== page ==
Taking a different, and refreshing, approach, Premium Quality Consulting’s Jan Anderson shared interviews with industry leaders around the world in her pre-recorded video. Voices including Keba Konte (Red Bay Coffee), Jeanine Niyonzima-Aroian (JNP Coffee), and George Howell (George Howell Coffee) created a captivating dialogue surrounding the innovative nature of cafés, the importance of café location in this new era, and the essential support of producers, particularly women smallholder farmers, to make real impact and ensure coffee’s survival.
Pathways Between Farm & Consumer
After the presentation of the SCA Sustainability Awards, hosted by Kim Elena Ionescu, the symposium moved into its next session, “Pathways Between Farm and Consumer: Mapping Specialty Coffee.” Featuring MIT senior policy manager Kyle Murphy, London School of Economics professor Rocco Macchiavello, PROMECAFE’s René Leon-Gomez, and living wage expert Michelle Bhattacharyya, the afternoon raised questions of how to further build connections and resiliency throughout the supply chain, with poverty, cost of production, and blockchain recurring talking points.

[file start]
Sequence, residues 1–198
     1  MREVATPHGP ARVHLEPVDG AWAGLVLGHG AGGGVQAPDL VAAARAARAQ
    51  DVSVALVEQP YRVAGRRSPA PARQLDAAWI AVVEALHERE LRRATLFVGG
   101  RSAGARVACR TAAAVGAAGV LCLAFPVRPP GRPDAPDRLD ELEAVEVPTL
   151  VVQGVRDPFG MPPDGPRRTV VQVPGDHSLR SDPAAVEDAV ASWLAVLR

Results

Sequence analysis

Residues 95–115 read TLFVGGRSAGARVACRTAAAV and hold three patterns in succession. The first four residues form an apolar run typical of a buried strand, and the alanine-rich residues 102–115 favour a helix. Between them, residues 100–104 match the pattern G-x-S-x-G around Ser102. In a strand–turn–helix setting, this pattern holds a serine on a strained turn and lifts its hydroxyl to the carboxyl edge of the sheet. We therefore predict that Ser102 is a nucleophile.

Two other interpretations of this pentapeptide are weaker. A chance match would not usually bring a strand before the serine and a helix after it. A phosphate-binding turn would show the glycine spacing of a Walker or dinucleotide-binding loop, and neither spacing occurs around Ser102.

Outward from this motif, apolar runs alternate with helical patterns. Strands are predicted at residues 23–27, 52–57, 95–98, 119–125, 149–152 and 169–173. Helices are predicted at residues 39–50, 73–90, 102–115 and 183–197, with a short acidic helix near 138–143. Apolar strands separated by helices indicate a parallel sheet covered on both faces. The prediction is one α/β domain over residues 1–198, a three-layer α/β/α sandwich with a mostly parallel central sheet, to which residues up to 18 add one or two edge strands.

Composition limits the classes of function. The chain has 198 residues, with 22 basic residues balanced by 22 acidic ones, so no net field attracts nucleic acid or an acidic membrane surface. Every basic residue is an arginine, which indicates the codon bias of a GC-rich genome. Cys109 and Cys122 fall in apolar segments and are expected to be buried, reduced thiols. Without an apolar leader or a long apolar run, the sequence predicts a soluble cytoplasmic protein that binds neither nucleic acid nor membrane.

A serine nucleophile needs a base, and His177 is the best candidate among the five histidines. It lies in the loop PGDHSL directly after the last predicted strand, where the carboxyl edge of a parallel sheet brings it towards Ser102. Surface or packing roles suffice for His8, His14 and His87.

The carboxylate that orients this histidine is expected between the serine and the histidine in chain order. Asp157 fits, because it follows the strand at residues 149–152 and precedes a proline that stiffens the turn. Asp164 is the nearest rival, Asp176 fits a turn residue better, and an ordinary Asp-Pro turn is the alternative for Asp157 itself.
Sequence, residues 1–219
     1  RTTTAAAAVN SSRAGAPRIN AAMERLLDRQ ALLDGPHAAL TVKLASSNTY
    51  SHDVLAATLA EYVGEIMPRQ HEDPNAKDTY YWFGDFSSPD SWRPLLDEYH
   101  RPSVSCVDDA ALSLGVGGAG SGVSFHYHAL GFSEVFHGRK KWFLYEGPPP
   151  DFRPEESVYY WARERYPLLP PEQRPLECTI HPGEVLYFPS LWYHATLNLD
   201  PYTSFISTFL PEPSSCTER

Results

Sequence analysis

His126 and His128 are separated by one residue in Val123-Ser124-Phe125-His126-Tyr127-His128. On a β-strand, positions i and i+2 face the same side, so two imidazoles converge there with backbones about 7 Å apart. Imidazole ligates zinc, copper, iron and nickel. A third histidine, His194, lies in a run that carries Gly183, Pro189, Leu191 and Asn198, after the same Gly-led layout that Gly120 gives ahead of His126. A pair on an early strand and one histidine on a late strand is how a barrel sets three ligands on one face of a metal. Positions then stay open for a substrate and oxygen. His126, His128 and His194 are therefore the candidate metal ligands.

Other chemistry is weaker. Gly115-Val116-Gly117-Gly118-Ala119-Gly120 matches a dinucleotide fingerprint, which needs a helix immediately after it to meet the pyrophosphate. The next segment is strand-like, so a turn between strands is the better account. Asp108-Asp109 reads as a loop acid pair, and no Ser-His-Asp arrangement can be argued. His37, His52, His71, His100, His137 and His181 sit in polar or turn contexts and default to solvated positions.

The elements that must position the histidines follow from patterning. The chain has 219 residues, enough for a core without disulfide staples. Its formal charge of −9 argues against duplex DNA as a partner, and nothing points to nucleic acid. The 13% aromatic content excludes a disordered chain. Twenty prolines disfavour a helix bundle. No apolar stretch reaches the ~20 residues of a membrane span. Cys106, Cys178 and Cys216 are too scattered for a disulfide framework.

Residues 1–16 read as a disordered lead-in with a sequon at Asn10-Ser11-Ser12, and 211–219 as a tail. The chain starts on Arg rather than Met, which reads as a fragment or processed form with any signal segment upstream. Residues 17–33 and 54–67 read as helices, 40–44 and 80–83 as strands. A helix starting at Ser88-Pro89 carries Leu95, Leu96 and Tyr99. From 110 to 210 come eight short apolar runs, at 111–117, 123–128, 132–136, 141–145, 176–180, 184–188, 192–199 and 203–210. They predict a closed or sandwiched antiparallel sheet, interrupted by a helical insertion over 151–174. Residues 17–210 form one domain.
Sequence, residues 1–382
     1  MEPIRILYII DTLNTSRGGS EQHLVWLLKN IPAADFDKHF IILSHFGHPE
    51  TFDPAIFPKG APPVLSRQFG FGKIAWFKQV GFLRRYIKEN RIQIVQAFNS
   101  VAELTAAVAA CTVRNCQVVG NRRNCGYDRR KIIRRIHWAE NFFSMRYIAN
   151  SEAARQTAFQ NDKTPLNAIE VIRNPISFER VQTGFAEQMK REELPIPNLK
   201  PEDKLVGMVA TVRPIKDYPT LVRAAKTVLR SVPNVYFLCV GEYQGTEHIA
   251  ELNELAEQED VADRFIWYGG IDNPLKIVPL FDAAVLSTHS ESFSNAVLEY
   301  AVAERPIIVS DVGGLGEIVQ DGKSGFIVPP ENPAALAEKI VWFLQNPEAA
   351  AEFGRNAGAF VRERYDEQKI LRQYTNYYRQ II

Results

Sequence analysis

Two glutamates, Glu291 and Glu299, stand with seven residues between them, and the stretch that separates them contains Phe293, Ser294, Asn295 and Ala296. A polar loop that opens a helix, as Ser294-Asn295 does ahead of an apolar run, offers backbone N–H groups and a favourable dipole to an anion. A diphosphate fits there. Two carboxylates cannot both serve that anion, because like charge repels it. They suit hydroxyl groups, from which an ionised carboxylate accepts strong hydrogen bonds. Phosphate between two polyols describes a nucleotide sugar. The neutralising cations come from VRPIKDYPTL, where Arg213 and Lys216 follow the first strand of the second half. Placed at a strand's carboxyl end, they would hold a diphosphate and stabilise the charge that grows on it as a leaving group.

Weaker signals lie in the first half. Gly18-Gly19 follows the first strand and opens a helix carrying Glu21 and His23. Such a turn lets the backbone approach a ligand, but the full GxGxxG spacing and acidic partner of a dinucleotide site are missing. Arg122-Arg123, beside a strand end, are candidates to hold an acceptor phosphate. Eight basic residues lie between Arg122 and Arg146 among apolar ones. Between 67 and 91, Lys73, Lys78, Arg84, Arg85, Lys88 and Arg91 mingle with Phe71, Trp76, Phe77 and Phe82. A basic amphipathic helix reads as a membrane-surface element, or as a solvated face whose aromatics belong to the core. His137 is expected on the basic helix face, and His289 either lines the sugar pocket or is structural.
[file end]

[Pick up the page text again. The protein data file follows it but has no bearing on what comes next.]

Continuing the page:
Leon-Gomez (notably the only speaker to record his talk in Spanish) brought up the “perfect storm” in coffee production: coffee rust, the cost crisis, and COVID-19. Though producers have managed to weather many storms over the years, COVID is perhaps the biggest catalyst in illuminating the cracks in the supply chain, especially at its base.
“How much longer can the pillars hold before collapsing?” he asked.
If we do not swiftly address these issues at origin, he said, the “vicious cycle of poverty” will only increase. The way forward is to make sure producers have a say in policy and access to tools and education, which will help to achieve social, environmental, and economic sustainability.
Michelle Bhattacharyya is the CEO of On-Up LLC, connecting supply chain and internal employee living wage and living income strategy and action and creating shared value for business, consumers, workers, and communities. It was this last concept, of community, that she thread throughout her talk. From farmworkers to baristas, community plays an important role in driving a healthy, supportive, and sustainable world. In order to create not only a more stable, but thriving, industry, Bhattacharyya encouraged people to first map out their own supply chain and then start assessing the costs it would take today to ensure a living wage.
Following her talk, she took to the discussion rooms, where she was asked about the rise of wage transparency worksheets and whether they were effective in working toward living wages.